Yellowknife furanyl fentanyl dealer sentenced to 8 years
Judge says courts have come to view fentanyl and its derivatives as more dangerous than heroin
A Yellowknife man who trafficked in furanyl fentanyl has been sentenced to eight years in prison.
Darcy Oake, 25, had no criminal record when police arrested him after searching his home in November 2016. As they searched, Oake was in hospital recovering from his second overdose on the drug in three days. Not far away from him in hospital was a young woman who he had supplied the drug to. She was also recovering from an overdose.
In sentencing Oake on Tuesday in N.W.T. Supreme Court, Justice Shannon Smallwood said the courts have come to view importing fentanyl and its derivatives, such as furanyl fentanyl, as more serious than heroin or cocaine.
During Oake's trial, it came out that he researched how to purchase the drug on the internet with a view to purchasing it for a cheaper price than he could buy it for locally. Smallwood said planning and forethought went into the buy — Oake had to download a special web browser to access the dark web, where he found a supplier. Then he had to purchase bitcoins to pay for it.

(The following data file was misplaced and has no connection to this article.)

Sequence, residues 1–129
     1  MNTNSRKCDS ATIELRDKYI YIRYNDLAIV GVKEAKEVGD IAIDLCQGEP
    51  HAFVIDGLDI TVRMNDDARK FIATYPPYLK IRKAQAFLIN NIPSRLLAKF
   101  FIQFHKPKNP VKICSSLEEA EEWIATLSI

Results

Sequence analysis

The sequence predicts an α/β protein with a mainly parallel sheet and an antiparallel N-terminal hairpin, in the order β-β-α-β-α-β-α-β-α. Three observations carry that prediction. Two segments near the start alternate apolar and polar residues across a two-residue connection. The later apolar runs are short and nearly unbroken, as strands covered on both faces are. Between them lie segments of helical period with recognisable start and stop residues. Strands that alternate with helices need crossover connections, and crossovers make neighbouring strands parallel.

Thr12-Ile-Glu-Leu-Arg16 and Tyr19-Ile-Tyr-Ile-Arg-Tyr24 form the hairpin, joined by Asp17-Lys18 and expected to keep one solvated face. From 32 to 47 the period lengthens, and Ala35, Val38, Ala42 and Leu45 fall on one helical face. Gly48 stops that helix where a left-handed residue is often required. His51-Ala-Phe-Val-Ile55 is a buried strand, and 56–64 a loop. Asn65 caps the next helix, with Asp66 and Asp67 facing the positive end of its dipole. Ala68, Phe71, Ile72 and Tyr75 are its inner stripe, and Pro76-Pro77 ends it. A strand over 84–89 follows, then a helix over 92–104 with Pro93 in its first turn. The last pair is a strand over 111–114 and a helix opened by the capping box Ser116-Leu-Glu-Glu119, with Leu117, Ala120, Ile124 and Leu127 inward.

"So it wasn't just a case of ordering from Amazon," said Smallwood. "I expect few average people would be able to carry out this operation."
Oake ordered 10 grams of the drug. When it failed to arrive for weeks, the supplier agreed to send a replacement order. The replacement was sent shortly before the original shipment arrived.
The judge sentenced Oake to eight years in prison for importing the drug.
She said to avoid giving him a crushing sentence, he can serve the lesser sentences she gave him for three other convictions at the same time as the sentence for importing the drug.
Those convictions included criminal negligence causing bodily harm for supplying the drug to the friend who overdosed.
"When the package arrived he had no idea what he had received from the supplier," said Smallwood. "Mr. Oake provided the drug to [the friend] knowing how dangerous it was, having overdosed on it once himself ... he was essentially rolling the dice with her life."
Smallwood noted that Oake was planning to sell the drug for money, but said given his history of addiction, it was likely the money would have been spent on more drugs.
With credit for the time he's already served in jail, Oake has three years and nine months left on his sentence.
During his sentencing hearing, his lawyer said Oake was hoping to serve his sentence in the North to be closer to his family. Typically N.W.T. offenders with more than two years left on their sentences are sent to federal prisons in Alberta.